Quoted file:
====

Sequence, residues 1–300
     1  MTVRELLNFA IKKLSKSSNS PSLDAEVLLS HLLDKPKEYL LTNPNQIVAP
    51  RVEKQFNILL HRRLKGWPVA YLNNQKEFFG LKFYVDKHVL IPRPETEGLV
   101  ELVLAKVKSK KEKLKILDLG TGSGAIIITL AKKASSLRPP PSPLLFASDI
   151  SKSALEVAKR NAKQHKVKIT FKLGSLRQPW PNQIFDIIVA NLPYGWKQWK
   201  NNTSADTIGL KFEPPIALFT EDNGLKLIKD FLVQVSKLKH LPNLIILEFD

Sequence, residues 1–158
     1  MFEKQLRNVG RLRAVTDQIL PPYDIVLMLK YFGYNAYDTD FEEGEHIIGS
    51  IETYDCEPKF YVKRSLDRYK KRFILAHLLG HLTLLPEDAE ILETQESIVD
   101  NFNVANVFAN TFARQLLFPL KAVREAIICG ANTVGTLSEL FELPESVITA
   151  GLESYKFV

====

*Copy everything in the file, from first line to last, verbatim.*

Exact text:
Sequence, residues 1–300
     1  MTVRELLNFA IKKLSKSSNS PSLDAEVLLS HLLDKPKEYL LTNPNQIVAP
    51  RVEKQFNILL HRRLKGWPVA YLNNQKEFFG LKFYVDKHVL IPRPETEGLV
   101  ELVLAKVKSK KEKLKILDLG TGSGAIIITL AKKASSLRPP PSPLLFASDI
   151  SKSALEVAKR NAKQHKVKIT FKLGSLRQPW PNQIFDIIVA NLPYGWKQWK
   201  NNTSADTIGL KFEPPIALFT EDNGLKLIKD FLVQVSKLKH LPNLIILEFD

Sequence, residues 1–158
     1  MFEKQLRNVG RLRAVTDQIL PPYDIVLMLK YFGYNAYDTD FEEGEHIIGS
    51  IETYDCEPKF YVKRSLDRYK KRFILAHLLG HLTLLPEDAE ILETQESIVD
   101  NFNVANVFAN TFARQLLFPL KAVREAIICG ANTVGTLSEL FELPESVITA
   151  GLESYKFV